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Issue 35, May/June 2014


USING LIFECYCLE ASSESSMENT Beth Whitehead, sustainability engineer at Operational Intelligence, describes how energy consumption and mix, and the number of servers provide data centers with the biggest opportunity for environmental impact savings

here is no denying the data center industry is acutely aware of the energy it consumes. But is energy consumption the only demon in the data center? Metrics such as power usage effectiveness (PUE) are widely used by the industry, and their adoption has opened up the dialogue on environmental impact. But once a facility’s PUE is optimized where should attention be turned to next? Should the IT energy consumption or perhaps the embodied impact of the IT equipment be reduced? Or has the improvement in PUE resulted in an environmental impact in another area of the data center?


These questions are hard to answer in isolation. Understanding trade-offs is incredibly complex, but to ensure the driving down of energy does not result in pollution shift, environmental impact needs a more holistic approach that goes beyond just the energy used to operate a facility.


Lifecycle assessment (LCA) considers the energy and raw materials used at every stage of a product’s supply chain, and the emissions that are created as a result of this consumption. The method studies this consumption and resulting emissions from the moment materials are extracted to the point the component is made, used and then disposed of at its end of life. Using cause-effect analysis, the contribution each emission has to a specifi c environmental impact – such as climate change, land use and carcinogens – is then quantifi ed, much like the use of global warming potentials to compare refrigerants. By considering every component of the data center together and beyond operation, environmental trade-offs can be quantifi ed and managed.

For example, consider energy consumption and apply it to servers. Server inlet temperatures are raised to enable a reduction in operational cooling energy. These higher temperatures can increase server fan energy, minimizing operational savings from reducing cooling loads. If the server could be increased from



1U to 2U to allow better fl ow of air across the equipment there would be additional energy used but a potential saving in this additional fan power. By using LCA, the subtleties in this example can be quantifi ed and total life time energy consumption, and other environmental impacts, minimized.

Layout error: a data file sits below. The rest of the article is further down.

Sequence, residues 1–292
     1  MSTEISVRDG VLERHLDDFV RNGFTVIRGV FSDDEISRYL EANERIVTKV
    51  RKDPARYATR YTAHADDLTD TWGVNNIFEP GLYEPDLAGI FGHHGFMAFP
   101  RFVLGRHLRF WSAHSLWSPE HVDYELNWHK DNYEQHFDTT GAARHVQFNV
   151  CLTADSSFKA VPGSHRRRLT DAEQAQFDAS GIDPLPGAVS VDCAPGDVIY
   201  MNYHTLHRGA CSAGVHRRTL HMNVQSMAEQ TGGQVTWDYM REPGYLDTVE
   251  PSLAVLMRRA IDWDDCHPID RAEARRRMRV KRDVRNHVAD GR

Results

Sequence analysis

LCA is not a new concept. It has existed since the 1960s when Coca-Cola used it to understand the environmental implications of changing from glass to plastic bottles. Today it is used extensively by the chemical and construction materials industries, and there are signs that the data center industry is joining the revolution. Perhaps the most signifi cant sign is the release of a white paper on the topic by The Green Grid, suggesting that it should eventually be included in the Data Center Maturity Model. We have also seen the emergence of ICT studies that

look at the impact of embodied carbon pre- and post-operation, and operational carbon and the creation of the Electronics Disposal Effi ciency metric which monitors the impact of electronic equipment disposal.


Results from a recent research project run by HP and the London South Bank University (LSBU) yielded some interesting outcomes with respect to the lifecycle environmental impact of data centers.

Figure 1 (below) shows that the impact in the data center is dependent on the type of environmental impact under consideration. For example, impact from climate change and fossil fuels is most signifi cant during the operational phase of a facility. The greatest opportunity to reduce a data center’s contribution to

Figure 1: Share of impact from the studied data center for various environmental impacts 73

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